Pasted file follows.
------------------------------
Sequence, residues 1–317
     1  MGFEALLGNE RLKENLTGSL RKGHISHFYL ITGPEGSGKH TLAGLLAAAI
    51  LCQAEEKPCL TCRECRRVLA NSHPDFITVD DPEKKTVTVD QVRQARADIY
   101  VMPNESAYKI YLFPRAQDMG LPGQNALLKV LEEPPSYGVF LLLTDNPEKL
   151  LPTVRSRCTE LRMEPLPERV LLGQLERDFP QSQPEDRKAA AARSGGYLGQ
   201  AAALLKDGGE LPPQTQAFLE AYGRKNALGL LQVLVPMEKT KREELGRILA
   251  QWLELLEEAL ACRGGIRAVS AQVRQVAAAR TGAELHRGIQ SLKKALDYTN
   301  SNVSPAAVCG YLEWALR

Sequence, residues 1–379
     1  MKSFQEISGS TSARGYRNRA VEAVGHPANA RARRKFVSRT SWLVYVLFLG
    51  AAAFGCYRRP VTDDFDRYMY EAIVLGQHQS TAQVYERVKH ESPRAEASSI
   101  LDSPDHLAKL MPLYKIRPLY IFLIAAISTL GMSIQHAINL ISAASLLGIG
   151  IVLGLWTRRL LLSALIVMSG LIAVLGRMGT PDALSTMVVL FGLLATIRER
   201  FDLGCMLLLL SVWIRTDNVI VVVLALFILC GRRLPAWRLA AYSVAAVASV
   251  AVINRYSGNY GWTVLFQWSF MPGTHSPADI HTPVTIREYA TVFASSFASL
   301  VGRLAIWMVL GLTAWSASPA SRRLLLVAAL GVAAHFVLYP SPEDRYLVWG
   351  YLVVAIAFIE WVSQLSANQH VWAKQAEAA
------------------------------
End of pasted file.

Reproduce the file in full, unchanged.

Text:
Sequence, residues 1–317
     1  MGFEALLGNE RLKENLTGSL RKGHISHFYL ITGPEGSGKH TLAGLLAAAI
    51  LCQAEEKPCL TCRECRRVLA NSHPDFITVD DPEKKTVTVD QVRQARADIY
   101  VMPNESAYKI YLFPRAQDMG LPGQNALLKV LEEPPSYGVF LLLTDNPEKL
   151  LPTVRSRCTE LRMEPLPERV LLGQLERDFP QSQPEDRKAA AARSGGYLGQ
   201  AAALLKDGGE LPPQTQAFLE AYGRKNALGL LQVLVPMEKT KREELGRILA
   251  QWLELLEEAL ACRGGIRAVS AQVRQVAAAR TGAELHRGIQ SLKKALDYTN
   301  SNVSPAAVCG YLEWALR

Sequence, residues 1–379
     1  MKSFQEISGS TSARGYRNRA VEAVGHPANA RARRKFVSRT SWLVYVLFLG
    51  AAAFGCYRRP VTDDFDRYMY EAIVLGQHQS TAQVYERVKH ESPRAEASSI
   101  LDSPDHLAKL MPLYKIRPLY IFLIAAISTL GMSIQHAINL ISAASLLGIG
   151  IVLGLWTRRL LLSALIVMSG LIAVLGRMGT PDALSTMVVL FGLLATIRER
   201  FDLGCMLLLL SVWIRTDNVI VVVLALFILC GRRLPAWRLA AYSVAAVASV
   251  AVINRYSGNY GWTVLFQWSF MPGTHSPADI HTPVTIREYA TVFASSFASL
   301  VGRLAIWMVL GLTAWSASPA SRRLLLVAAL GVAAHFVLYP SPEDRYLVWG
   351  YLVVAIAFIE WVSQLSANQH VWAKQAEAA